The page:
No. 17-6279.

YVETTE EASTWOOD, Petitioner-Appellant, v. UNITED STATES OF AMERICA, Respondent-Appellee.

United States Court of Appeals, Fourth Circuit.

Decided: August 10, 2017.

Attorney(s) appearing for the Case

Yvette Eastwood, Appellant Pro Se.

Oliva L. Norman , OFFICE OF THE UNITED STATES ATTORNEY, Richmond, Virginia, for Appellee.

Affirmed in part; dismissed in part by unpublished per curiam opinion.


Unpublished opinions are not binding precedent in this circuit.


Yvette Marie Eastwood appeals the district court's order construing her petition for a writ of error coram nobis as an unauthorized, successive 28 U.S.C. § 2255 (2012) motion, and dismissing it on that basis. Eastwood claims that: (1) she is not "in custody" as required by 28 U.S.C. § 2255 and she can therefore seek relief in a petition for a writ of error coram nobis, and (2) she is entitled to a certificate of appealability on her claim that counsel was ineffective in failing to advise her of the immigration consequences of pleading guilty. The district court granted a certificate of appealability on the first claim. That claim, however, is foreclosed by our recent decision in United States v. Swaby, 855 F.3d 233, 238-39 (4th Cir. 2017) (holding that prisoner who "was in the United States, under supervised release and detained by immigration authorities," when he filed his coram nobis petition was "in custody" for purposes of 28 U.S.C. § 2255 and filing therefore could not be considered valid coram nobis petition). Accordingly, although we grant Eastwood leave to proceed in forma pauperis, we affirm the portion of the district court's order construing Eastwood's petition as a § 2255 motion.

With respect to the Eastwood's ineffective assistance of counsel claim, a certificate of appealability will not issue absent "`a substantial showing of the denial of a constitutional right.'" Buck v. Davis, 137 S.Ct. 759, 773 (2017) (quoting 28 U.S.C. § 2253(c)(2) (2012)). When the district court denies relief on the merits, a prisoner satisfies this standard by demonstrating that reasonable jurists would find that the district court's assessment of the constitutional claims is debatable or wrong. Slack v. McDaniel, 529 U.S. 473, 484 (2000); see Miller-El v. Cockrell, 537 U.S. 322, 336-38 (2003). When the district court denies relief on procedural grounds, the prisoner must demonstrate both that the dispositive procedural ruling is debatable, and that the motion states a debatable claim of the denial of a constitutional right. Slack, 529 U.S. at 484-85.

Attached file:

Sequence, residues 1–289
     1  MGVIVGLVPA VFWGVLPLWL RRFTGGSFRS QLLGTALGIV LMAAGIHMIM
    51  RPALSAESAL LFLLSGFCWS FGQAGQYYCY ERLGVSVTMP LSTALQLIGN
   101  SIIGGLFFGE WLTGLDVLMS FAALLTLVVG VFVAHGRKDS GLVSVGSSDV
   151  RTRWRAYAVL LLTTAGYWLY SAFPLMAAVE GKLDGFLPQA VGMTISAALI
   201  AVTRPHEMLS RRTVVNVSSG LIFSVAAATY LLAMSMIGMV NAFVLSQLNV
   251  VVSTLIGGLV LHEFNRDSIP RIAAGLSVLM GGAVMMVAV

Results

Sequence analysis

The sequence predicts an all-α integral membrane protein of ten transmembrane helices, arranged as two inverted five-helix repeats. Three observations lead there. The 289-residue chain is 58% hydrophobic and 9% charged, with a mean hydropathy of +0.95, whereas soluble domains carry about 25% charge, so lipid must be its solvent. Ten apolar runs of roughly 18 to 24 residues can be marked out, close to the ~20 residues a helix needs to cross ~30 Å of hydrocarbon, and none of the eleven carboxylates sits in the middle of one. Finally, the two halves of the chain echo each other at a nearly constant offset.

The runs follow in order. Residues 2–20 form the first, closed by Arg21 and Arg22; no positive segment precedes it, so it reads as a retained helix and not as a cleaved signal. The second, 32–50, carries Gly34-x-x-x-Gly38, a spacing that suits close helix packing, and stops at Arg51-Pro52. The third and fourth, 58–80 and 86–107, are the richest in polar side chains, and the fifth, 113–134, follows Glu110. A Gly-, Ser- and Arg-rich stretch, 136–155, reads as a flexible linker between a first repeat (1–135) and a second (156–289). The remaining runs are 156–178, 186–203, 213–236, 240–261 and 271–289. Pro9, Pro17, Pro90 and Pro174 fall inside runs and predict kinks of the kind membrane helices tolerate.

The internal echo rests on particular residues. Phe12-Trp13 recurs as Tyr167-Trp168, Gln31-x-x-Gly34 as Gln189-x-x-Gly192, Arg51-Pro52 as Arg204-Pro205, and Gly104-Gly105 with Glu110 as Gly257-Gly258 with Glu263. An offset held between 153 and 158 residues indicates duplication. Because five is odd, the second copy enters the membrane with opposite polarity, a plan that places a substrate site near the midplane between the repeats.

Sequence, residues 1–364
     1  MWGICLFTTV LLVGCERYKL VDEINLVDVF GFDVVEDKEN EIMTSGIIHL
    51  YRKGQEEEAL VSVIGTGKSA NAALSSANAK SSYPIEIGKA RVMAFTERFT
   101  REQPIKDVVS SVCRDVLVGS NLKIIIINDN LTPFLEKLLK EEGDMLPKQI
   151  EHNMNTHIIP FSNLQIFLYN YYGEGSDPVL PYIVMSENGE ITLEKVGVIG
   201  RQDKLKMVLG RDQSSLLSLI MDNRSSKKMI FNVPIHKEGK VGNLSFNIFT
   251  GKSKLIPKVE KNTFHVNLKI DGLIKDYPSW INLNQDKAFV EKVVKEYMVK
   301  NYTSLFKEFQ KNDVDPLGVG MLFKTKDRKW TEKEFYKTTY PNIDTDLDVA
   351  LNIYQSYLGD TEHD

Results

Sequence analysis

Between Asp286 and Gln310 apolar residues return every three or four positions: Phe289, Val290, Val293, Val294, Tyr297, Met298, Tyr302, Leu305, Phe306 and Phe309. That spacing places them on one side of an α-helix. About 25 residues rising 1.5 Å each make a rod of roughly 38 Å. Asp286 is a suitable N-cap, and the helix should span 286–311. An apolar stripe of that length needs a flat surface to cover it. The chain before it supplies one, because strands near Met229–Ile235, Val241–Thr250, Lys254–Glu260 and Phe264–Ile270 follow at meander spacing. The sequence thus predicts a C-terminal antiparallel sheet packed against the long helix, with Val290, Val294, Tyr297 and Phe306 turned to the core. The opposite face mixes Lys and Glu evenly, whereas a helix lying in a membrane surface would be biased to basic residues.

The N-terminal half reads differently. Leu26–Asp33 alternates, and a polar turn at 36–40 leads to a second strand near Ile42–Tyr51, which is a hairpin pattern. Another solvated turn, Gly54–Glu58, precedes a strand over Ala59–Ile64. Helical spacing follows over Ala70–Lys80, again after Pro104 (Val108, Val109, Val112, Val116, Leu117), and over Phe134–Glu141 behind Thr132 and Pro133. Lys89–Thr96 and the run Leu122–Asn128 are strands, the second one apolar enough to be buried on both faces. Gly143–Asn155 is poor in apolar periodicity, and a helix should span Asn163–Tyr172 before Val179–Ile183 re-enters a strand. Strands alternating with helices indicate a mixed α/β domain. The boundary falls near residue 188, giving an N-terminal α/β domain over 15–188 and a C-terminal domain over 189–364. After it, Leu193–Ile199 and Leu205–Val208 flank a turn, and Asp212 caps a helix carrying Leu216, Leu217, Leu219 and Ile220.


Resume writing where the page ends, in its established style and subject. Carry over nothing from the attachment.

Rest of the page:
We have independently reviewed the record and conclude that Eastwood has not made the requisite showing. The district court's dispositive procedural ruling that Eastwood filed an unauthorized, successive § 2255 motion is not debatable. Accordingly, as to this portion of the district court's order, we deny a certificate of appealability and dismiss the appeal. We dispense with oral argument because the facts and legal contentions are adequately presented in the materials before this court and argument would not aid the decisional process.



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